Slips, trips and falls are a top cause of workplace injury year after year. Within this category, falls from heights are by far the most severe; the cost per claim is more than three times that of falls on the same level and other slips and trips.
The Bureau of Labor Statistics recently reported that fatal falls have reached a 26-year high. Here’s what you need to know about the severity of falls from heights and how to prevent them in your workplace.
A Life-Changing Injury
Late last year, Missouri Employers Mutual received a claim involving a construction worker who stepped off the edge of a roof while installing sheet decking. He tumbled nearly 20 feet to the concrete below. The worker suffered very serious injuries that included eight fractured ribs, vertebral fractures, pelvic fracture and a closed head injury. He was taken by ambulance to a regional medical center where he was placed in the ICU. Because of the injury, he will suffer a significant disability.
The estimated cost of this claim is more than $558,000. It caused the policyholder’s e-mod to jump from below 1.0 to 1.57, and could result in a premium increase of up to 67 percent. In this case, the policyholder had a fall protection policy in place requiring employees to wear safety harnesses and tie off when working at elevations. However, the worker who fell was not wearing a safety harness or tied off. This shows a breakdown in enforcement of the existing policy. The injury occurred on a Sunday, so the worker may have been working without supervision.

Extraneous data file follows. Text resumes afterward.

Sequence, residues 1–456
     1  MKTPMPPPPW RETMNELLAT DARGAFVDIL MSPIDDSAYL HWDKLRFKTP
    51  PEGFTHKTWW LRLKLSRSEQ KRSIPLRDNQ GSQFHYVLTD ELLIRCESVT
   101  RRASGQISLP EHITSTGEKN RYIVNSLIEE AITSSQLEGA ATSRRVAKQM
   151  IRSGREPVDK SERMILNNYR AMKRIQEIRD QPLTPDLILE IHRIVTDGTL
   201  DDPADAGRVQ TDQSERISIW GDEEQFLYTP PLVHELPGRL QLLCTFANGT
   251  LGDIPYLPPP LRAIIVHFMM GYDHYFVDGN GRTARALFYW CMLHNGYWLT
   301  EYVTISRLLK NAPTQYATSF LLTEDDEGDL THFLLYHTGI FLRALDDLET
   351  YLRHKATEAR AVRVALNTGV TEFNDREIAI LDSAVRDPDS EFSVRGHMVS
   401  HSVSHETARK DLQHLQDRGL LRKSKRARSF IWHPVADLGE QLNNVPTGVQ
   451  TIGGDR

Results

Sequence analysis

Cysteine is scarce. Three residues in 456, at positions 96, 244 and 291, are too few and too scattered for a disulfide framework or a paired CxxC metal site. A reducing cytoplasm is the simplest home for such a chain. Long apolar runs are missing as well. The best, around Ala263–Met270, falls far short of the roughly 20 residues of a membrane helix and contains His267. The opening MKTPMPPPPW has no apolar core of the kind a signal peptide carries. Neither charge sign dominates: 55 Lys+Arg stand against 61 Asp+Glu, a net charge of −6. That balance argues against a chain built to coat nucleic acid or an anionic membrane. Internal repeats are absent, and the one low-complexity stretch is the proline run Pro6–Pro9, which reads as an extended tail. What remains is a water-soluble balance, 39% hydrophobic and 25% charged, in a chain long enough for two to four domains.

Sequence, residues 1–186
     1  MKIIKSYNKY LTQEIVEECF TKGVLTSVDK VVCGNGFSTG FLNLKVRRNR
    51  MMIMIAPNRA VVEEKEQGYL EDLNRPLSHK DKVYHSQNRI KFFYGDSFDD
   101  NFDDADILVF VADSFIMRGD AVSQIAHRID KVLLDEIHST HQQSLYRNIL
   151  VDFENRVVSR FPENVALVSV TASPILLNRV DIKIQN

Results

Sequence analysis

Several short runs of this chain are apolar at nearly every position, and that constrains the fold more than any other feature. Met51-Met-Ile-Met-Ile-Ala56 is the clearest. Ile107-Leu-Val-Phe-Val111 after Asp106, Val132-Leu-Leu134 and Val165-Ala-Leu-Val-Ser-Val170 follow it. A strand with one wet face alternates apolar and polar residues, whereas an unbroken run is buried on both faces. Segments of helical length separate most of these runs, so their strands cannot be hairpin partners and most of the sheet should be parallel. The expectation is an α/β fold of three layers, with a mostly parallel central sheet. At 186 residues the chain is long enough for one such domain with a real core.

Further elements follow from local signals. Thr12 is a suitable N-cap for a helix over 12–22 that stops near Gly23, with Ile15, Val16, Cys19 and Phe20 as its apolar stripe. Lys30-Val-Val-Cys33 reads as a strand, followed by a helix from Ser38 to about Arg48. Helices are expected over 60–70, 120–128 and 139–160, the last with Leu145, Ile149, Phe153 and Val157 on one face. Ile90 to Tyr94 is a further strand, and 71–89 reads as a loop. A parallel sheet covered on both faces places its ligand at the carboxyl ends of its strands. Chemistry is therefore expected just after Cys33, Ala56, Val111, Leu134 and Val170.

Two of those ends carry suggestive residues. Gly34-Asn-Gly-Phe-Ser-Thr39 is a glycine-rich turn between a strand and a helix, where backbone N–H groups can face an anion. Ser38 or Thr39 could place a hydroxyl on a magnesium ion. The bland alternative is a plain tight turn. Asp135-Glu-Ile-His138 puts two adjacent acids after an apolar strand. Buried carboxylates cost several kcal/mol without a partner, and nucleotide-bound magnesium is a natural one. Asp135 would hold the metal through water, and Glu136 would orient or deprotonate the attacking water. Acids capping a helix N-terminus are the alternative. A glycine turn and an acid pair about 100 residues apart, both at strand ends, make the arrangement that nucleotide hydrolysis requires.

Avoid Falls from Heights
It only takes one mistake in hundreds of jobs to change someone’s life forever and significantly impact your work comp premium costs. That’s why it’s crucial to make sure your employees are taking precautions every single time. Here are some top-priority tips to avoid falls:
Have a written fall protection policy
The first step is to document when and how employees are required to use fall protection equipment. Be detailed and thorough; include expectations for uncommon situations as well as day-to-day operations.
Communicate and enforce the policy
If your policies and training materials are collecting dust on a shelf, they aren’t doing anything to help you keep your employees safe. You must communicate the policy often. Make sure every employee has read the policy, understood it and signed off. Don’t forget to include policies in your new employee orientation.
Provide hands-on training
From tying off to climbing a ladder, showing employees how to properly use equipment can go a long way in preventing falls. For example, have your employees try on harnesses, show them how to check for fit and how to properly attach them. Illustrate what it looks like to maintain three points of contact when using a ladder. You should also regularly inspect equipment and replace damaged gear immediately.
Make using protective equipment easy
One MEM policyholder purchased new equipment with a safety grant, only to discover that the equipment’s out-of-the-way location was a barrier to regular use. If they hadn’t taken the time to investigate, the equipment’s efficacy would have continued to fail expectations.
Learn more about how to make sure your documentation is effectively protecting you and your employees in this episode of the WorkSAFE Podcast.
And check out some of these free resources to prevent falls in your workplace: